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                                          My PIC12F683 Development Board
Office Map Circuit diagram for each experiment may not be available separately because they are conducted with PIC12F683 development board that I made. So, the readers should first see the schematic of my development board.

Saturday, September 25, 2010

Experiment No. 6: PIC12F683 Timer1 used as a Frequency Counter

Objective: Determine the frequency of an external clock source (0-65535 Hz), send it to PC through serial port, and display it on a hyperterminal application window.


The Timer1 module in PIC12F683 is a 16-bit timer/counter. It can operate as Timer or as a synchronous/asynchronous counter. In asynchronous mode, the Timer1 will increment at the arrival of each external clock pulse at T1CKI port. Whereas, in synchronous mode the input clock pulse to Timer1 module is synchronized to the microcontroller internal clock. A dedicated control register, T1CON, is available to set-up and control the Timer1 module. We are going to use the counter feature of it to measure the frequency of an external clock source. The Timer1 register pair (TMR1H:TMR1L) increments from 0000h to FFFFh and rolls over to 0000h. When Timer1 rolls over, it indicates timer overflow by setting Timer1 interrupt flag (TMR1IF) bit of PIR1 register. To enable the interrupt on rollover, following bits must be set:
  • Timer1 interrupt enable (TMR1IE) bit of PIE1 register (PIE1 = 01h could do that)
  • PEIE and GIE bits of the INTCON register (INTCON = C0h could do that)
Since the 16-bit counter can count up to 65535, the external clock source with frequency higher than this will overflow the Timer1 counter, and generate the Timer1 overflow interrupt. The external clock source will be obtained from a 555 Timer IC operating as an astable multivibrator, and will be fed to GP5/T1CKI pin (2) of PIC12F683. Once I made a 555 experiment board for myself, I am going to use the same. In this board I can vary the frequency of the multivibrator using a potentiometer. Search internet for more detail on 555 astable multivibrator.

My 555 Timer IC Experiment Board

Since, we need to determine the frequency of an external clock source, we will use Timer1 as an asynchronous counter. This requires proper setting of T1CON register bits shown below.


So, for our purpose, we are going to set T1SYNC, TMRCS, and TMR1ON bits to turn the Timer1 counter ON and clear TMR1ON to stop the counter.

PIC12F683 Port Settings

GP5/T1CKI : Feed + 5V peak external clock source (input)
GP4 : Serial data transfer to PC (output)
GP3 : Serial data receive from PC (input, not used but needed to be defined while using software UART library routines of mikroC)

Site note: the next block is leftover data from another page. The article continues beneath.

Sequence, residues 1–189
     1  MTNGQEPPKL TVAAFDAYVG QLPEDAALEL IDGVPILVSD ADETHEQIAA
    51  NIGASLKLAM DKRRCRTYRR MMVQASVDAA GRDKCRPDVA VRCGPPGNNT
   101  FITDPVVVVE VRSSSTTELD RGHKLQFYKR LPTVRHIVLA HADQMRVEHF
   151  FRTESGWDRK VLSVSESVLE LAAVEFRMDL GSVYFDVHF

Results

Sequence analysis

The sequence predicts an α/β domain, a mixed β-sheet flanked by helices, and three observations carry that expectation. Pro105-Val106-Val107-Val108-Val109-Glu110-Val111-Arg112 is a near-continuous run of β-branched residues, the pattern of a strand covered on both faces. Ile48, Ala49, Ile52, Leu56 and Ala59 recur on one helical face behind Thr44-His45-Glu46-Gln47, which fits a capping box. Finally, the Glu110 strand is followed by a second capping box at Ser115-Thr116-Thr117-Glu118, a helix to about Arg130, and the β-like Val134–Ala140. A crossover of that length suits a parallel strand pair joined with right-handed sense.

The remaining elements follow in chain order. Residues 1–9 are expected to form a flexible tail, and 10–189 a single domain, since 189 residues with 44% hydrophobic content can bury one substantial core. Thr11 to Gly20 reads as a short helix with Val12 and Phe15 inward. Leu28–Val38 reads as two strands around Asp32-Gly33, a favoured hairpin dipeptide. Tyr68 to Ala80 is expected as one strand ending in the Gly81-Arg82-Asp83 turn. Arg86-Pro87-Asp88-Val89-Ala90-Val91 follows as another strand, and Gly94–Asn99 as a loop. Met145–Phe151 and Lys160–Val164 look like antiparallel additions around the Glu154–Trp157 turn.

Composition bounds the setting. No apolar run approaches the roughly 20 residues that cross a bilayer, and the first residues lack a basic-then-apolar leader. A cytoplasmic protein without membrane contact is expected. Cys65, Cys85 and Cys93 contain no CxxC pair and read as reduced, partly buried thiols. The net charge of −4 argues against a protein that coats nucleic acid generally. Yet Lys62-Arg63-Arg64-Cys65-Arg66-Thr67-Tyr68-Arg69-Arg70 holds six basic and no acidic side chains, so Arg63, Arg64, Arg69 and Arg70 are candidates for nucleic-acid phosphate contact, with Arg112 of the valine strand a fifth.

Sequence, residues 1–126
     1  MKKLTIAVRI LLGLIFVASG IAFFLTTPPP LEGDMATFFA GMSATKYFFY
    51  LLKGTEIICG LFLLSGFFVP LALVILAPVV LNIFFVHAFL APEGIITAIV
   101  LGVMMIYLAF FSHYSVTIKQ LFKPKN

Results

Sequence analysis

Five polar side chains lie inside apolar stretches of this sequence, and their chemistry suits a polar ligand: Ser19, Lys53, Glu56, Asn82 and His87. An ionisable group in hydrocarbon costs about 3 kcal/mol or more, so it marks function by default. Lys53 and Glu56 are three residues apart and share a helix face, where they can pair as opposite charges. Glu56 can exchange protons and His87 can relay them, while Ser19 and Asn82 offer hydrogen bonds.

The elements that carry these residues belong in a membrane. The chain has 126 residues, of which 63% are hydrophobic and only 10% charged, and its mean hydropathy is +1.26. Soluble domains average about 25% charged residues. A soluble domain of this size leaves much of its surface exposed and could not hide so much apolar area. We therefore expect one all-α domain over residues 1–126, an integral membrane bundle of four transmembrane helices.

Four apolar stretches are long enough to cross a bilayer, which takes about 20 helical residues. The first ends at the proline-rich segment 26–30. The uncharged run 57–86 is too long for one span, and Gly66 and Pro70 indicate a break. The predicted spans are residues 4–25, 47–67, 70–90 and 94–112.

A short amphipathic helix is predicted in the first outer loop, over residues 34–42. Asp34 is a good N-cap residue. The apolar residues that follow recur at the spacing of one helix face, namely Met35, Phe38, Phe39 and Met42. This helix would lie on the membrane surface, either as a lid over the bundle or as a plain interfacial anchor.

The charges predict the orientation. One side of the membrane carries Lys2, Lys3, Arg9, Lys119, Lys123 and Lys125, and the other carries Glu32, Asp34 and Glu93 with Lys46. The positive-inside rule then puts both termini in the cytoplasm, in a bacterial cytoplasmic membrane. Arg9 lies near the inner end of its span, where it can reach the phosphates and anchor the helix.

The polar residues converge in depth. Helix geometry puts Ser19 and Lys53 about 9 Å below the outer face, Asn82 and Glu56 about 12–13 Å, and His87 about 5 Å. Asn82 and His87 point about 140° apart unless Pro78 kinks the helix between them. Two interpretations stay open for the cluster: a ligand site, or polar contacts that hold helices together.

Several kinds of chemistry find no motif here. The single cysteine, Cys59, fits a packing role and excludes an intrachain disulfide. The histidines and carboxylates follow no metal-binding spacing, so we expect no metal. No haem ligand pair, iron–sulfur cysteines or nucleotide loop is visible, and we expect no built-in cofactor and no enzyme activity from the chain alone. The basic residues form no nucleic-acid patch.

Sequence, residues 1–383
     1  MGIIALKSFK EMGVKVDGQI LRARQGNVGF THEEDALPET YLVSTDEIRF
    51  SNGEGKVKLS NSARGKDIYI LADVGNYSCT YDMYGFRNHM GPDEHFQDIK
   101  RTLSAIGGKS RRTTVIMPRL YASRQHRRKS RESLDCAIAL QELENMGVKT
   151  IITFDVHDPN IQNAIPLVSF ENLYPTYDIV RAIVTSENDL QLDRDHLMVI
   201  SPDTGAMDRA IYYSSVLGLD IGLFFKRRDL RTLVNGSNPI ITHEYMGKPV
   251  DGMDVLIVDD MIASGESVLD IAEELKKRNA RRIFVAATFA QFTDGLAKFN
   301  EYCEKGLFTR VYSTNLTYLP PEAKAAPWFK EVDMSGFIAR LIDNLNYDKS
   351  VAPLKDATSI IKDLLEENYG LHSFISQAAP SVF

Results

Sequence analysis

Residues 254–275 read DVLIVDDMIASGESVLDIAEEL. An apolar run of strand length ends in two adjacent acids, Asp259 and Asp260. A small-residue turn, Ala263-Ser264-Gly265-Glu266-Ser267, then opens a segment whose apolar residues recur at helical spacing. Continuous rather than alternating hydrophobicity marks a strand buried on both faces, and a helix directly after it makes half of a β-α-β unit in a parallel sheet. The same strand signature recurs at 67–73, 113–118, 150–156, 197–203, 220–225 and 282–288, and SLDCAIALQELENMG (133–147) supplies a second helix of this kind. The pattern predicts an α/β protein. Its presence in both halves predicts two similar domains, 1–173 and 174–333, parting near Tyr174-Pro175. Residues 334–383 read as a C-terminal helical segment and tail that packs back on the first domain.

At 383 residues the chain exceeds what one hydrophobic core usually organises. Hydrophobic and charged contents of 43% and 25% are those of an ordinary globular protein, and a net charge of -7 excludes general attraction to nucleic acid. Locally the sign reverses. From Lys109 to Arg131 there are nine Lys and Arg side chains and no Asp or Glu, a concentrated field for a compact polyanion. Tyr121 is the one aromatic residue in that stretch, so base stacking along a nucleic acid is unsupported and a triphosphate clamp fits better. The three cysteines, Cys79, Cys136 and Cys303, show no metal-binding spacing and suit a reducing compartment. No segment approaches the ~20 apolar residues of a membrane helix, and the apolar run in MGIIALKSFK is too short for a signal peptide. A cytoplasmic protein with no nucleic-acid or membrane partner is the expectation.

This gives TRISIO = 28h

Programming Sequence

  1. Disable comparator inputs (CMCON0 = 07h).
  2. Define TRISIO = 28h.
  3. Disable analog inputs (ANSEL = 00h).
  4. Enable GIE and PEIE interrupts (INTCON = C0h).
  5. Enable TMR1 interrupt (PIE1 = 01h).
  6. Initialize software UART, 9600 baud at GP4 port.
  7. Do  {
          TMR1H = 00, TMR1L = 00,
          Start Timer1 (T1CON = 7)
          Wait 1 sec
          Stop Timer1 (T1CON = 6)
          If Timer1 overflow, send message "Frequency Out of Range" and clear TMR1IF flag
                Frequency = (TMR1H << 8) + TMR1L
                Display Frequency

          } While (1)

Experimental Setup

Connect uTx pin to GP4 port, and external clock source to GP5 port. Also connect Rx, Tx, and Gnd pins to corresponding pins of RS232 port of PC. Open a new hyperterminal window with following settings:
      • bps : 9600
      • Databits: 8
      • Parity : None
      • Stop Bits : 1
      • Flow Control : Hardware


  PIC12F683 Experiment Board
  Experimen No. 6 : Frequency Counter 0-65535 Hz
  display on Hyperterminal window on PC using Software UART.
  Date: 09/25/2010
  Clock input to Timer1 (GP5, pin 2, input)
  UART Tx = GP4, pin 3, output; output; RX = GP3, input
char Message1[] = "Frequency (Hz) =";
char Message2[] = "Frequency Over Range";
unsigned int frequency, backup=0 ;
char *temp = "00000", error;
unsigned short i, TMR1_OverFlow=0;

void LineFeed(){
 Soft_UART_Write(10); // Line Feed
 Soft_UART_Write(13); // Carriage Return

void interrupt(void){
 if(PIR1.TMR1IF) {
 TMR1_OverFlow = 1;
 PIR1.TMR1IF = 0;

void main() {
CMCON0 = 7;    // Disable comparators
TRISIO = 0b00101000;  // GP3, and 5 Inputs; Rest are O/Ps
ANSEL = 0x00; // No analog inputs
GPIO = 0;
INTCON = 0b11000000 ; // Enable GIE and PEIE for Timer1 overflow interrpt
PIE1 = 0b00000001 ;  // Enable TMR1IE

// Define GPIO.3 as UART Rx, and 4 as Tx
error = Soft_UART_Init(&GPIO,3, 4, 9600, 0 );

do {
  TMR1H = 0x00;
  TMR1L = 0x00;
  T1CON = 0b00000111;   // Enable Timer 1
  T1CON = 0b00000110;   // Disable Timer 1
  frequency = TMR1H;
  frequency = frequency << 8 ;
  frequency = frequency + TMR1L ;
   for (i=0; i<= 19; i++) {
  TMR1_OverFlow = 0;
  else  {
  if(frequency != backup) {

   temp[0] = frequency/10000 + 48;
   temp[1] = (frequency/1000)%10 + 48;
   temp[2] = (frequency/100)%10 + 48;
   temp[3] = (frequency/10)%10 + 48;
   temp[4] = frequency%10 + 48;
   for (i=0; i<= 15; i++) {
  for (i=0; i<= 4; i++) {

 backup = frequency;
 } while(1);


My 555 timer board can generate frequency from approximately 1 KHz to over 100 KHz by a varying 100K potentiometer. Here's a snapshot of few frequency measurements shown on the hyperterminal window. 

Application of this idea

You can extend this idea to make a frequency counter of higher range. Higher frequency measurements can be achieved by incrementing a user defined variable (say X) every time the Timer1 overflows. At the end of 1 sec gate interval, you can compute the frequency as 65535*X + current Timer1 value.


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